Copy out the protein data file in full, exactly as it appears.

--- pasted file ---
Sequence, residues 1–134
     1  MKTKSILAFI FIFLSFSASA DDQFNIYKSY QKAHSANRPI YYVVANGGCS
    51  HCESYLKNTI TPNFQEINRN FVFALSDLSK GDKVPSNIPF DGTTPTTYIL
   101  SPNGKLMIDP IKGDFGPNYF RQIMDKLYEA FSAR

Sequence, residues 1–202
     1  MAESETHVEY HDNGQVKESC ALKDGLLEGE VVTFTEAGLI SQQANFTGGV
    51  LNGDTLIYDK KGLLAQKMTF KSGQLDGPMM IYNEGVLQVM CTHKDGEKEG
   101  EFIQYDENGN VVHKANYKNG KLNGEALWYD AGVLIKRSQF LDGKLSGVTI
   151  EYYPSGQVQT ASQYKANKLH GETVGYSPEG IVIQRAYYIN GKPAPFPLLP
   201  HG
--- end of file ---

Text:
Sequence, residues 1–134
     1  MKTKSILAFI FIFLSFSASA DDQFNIYKSY QKAHSANRPI YYVVANGGCS
    51  HCESYLKNTI TPNFQEINRN FVFALSDLSK GDKVPSNIPF DGTTPTTYIL
   101  SPNGKLMIDP IKGDFGPNYF RQIMDKLYEA FSAR

Sequence, residues 1–202
     1  MAESETHVEY HDNGQVKESC ALKDGLLEGE VVTFTEAGLI SQQANFTGGV
    51  LNGDTLIYDK KGLLAQKMTF KSGQLDGPMM IYNEGVLQVM CTHKDGEKEG
   101  EFIQYDENGN VVHKANYKNG KLNGEALWYD AGVLIKRSQF LDGKLSGVTI
   151  EYYPSGQVQT ASQYKANKLH GETVGYSPEG IVIQRAYYIN GKPAPFPLLP
   201  HG